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With fear and favour 

Editorial by Bruce Wark

Now that Conrad Black has been convicted of corporate thievery, we might ask whether the journalistic system he presided over is itself a gigantic fraud. Black once owned daily newspapers in every major Canadian city. He also founded the National Post. He used his papers to push for tax cuts for the rich, privatized health care and Canada's complete integration into the American military-industrial complex. Yes, we can thank Black for giving right-wing causes a mighty push before selling his papers to the Aspers, who've been promoting their own big business and pro-Israel agendas ever since. The journalists who toiled for Black and the Aspers often grumbled privately about editorial interference, but few of them quit and those who escaped successive rounds of layoffs continued to labour loyally for their right-wing masters. (For a revealing glimpse into the grim state of journalistic morale at the Aspers' Vancouver papers, see the cover story, "The Death of Canadian Journalism" in the current issue of Adbusters magazine.)

While it's easy to blame the failings of Canadian journalism on Black and the Aspers, I'd say the rot spreads much wider and deeper. After all, the Canadian mainstream news media have always touted the interests of wealthy business elites. Black and the Aspers just made that bias more blatant. What's new today is that the Canadian media are now controlled by a handful of corporate owners and the journalists who work for them have become fatter, richer and more respectable. The ink-stained wretches of yesteryear who might cock a snoot at the powers-that-be have given way to professional wordsmiths who often protect their "credibility" by faithfully serving as mouthpieces for the rich and powerful.

Lest you think I exaggerate, consider the coverage of Stephen Harper's recent visit to Haiti. Remember that when the US, France and Canada forced the country's democratically-elected president into exile in 2004, the Globe and Mail and the National Post cheered. The Globe blamed Jean-Bertrand Aristide himself, declaring that the Haitian president's fall from power was "mainly a result of his own misrule." The paper conveniently ignored the fact that the US had blocked $500 million in international development loans to Haiti while funnelling millions in aid (and weapons) to the country's right-wing opposition. The Post called Aristide's 2000 election "a sham," even though Haiti's poor voted overwhelmingly for him. It also blamed Aristide for Haiti's continuing poverty.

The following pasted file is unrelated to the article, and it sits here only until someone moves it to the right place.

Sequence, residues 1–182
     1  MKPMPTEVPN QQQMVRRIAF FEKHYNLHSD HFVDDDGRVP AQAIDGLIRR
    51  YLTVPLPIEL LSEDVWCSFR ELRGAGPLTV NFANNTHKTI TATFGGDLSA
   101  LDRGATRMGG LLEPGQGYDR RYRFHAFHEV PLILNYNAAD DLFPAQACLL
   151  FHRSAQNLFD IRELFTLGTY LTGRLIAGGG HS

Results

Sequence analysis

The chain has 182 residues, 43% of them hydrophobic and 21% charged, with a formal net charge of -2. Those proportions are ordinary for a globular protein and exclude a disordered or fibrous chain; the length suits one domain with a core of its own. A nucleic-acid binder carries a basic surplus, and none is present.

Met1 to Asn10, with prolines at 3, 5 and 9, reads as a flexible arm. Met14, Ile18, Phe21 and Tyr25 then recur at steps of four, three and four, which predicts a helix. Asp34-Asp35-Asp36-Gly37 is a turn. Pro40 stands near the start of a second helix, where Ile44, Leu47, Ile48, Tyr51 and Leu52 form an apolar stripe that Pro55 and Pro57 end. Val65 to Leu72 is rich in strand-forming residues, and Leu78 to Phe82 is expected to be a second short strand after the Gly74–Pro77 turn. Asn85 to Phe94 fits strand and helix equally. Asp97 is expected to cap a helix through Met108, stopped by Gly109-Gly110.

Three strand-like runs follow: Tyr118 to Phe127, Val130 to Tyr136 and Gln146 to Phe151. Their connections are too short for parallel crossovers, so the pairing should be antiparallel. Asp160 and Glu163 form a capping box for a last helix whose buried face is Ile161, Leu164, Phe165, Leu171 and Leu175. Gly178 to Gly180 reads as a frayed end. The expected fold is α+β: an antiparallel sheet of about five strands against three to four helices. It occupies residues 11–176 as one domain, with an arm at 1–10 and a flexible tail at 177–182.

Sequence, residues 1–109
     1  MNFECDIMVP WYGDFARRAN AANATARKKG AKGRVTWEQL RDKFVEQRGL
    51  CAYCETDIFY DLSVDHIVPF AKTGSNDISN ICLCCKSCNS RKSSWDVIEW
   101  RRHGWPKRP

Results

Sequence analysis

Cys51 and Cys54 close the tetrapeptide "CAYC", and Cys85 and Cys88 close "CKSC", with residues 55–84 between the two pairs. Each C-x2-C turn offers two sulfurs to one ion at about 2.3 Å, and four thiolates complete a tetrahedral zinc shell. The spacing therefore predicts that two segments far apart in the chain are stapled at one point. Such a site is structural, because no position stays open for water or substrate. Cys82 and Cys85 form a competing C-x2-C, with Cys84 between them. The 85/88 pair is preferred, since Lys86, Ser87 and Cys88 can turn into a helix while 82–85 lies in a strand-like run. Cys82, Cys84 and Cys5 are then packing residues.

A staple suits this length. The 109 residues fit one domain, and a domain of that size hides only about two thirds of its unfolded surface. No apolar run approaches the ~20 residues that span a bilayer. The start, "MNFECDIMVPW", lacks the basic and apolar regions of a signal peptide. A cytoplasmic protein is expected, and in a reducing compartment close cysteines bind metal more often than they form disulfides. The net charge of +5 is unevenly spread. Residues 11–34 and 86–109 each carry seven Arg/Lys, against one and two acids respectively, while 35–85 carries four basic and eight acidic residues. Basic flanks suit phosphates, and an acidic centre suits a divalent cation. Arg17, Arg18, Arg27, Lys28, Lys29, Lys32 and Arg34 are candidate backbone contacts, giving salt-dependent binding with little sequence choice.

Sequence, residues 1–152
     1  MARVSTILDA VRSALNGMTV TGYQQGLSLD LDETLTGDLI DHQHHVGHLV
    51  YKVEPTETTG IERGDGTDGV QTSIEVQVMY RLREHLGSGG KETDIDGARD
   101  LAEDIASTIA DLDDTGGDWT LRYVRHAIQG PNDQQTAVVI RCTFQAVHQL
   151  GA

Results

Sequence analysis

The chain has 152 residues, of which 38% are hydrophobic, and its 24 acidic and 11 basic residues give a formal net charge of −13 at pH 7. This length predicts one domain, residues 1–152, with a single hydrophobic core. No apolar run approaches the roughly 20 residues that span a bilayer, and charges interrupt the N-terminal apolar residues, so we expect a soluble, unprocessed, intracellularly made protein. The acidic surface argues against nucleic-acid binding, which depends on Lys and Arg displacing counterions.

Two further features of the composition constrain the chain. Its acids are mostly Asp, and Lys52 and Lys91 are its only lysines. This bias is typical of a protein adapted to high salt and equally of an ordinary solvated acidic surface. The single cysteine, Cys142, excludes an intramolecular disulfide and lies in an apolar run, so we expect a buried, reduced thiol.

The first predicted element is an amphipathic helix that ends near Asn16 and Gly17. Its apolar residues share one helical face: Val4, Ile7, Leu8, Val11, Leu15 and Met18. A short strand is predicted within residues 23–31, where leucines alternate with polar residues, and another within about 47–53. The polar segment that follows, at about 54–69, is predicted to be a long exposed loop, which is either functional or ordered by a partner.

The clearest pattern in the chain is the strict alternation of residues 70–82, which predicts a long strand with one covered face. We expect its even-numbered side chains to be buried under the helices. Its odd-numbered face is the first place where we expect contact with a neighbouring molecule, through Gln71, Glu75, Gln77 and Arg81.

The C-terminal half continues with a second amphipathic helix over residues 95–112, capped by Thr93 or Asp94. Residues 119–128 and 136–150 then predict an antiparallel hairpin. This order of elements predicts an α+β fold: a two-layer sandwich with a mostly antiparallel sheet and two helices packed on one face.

So, when Harper landed in Haiti for a quick visit last month, it wasn't surprising that both papers put a positive spin on his visit to a Canadian-funded medical centre. "For Stephen Harper, a man uneasy in the politician's role of glad-hander," the Globe report began, "a brief encounter yesterday morning with two adorable girls in the heart of Haiti's most notorious slum seemed to touch something in the Canadian prime minister." The Post's report described Harper as "visibly uncomfortable in the midday Haitian heat—yet smiling as he toured the centre—Mr. Harper watched some small children being vaccinated, met nurses and doctors and presented a blood-analysis machine to the clinic." The Post did report that most of the slum dwellers "watched disconsolately from their ramshackle homes" as Harper's motorcade passed, but failed to explain why. A 2006 study in the British medical journal, Lancet estimated that after Aristide was removed from power, 8,000 people were murdered in the Haitian capital. A second study reported: "Suspected dissidents fill the prisons, their constitutional rights ignored." Neither the Globe nor the Post referred to Canada's complicity in the coup and its aftermath. "PM's quick visit signifies positive change," one Globe headline read. Yes, "positive change" for the business elites who profit from the rock-bottom wages in Haitian sweatshops, but not for the poor, black majority Aristide was trying to help. I'd say there was a much better (and truer) story in Haiti than Harper's spin-filled visit, but neither the Globe nor the Post bothered to report it.

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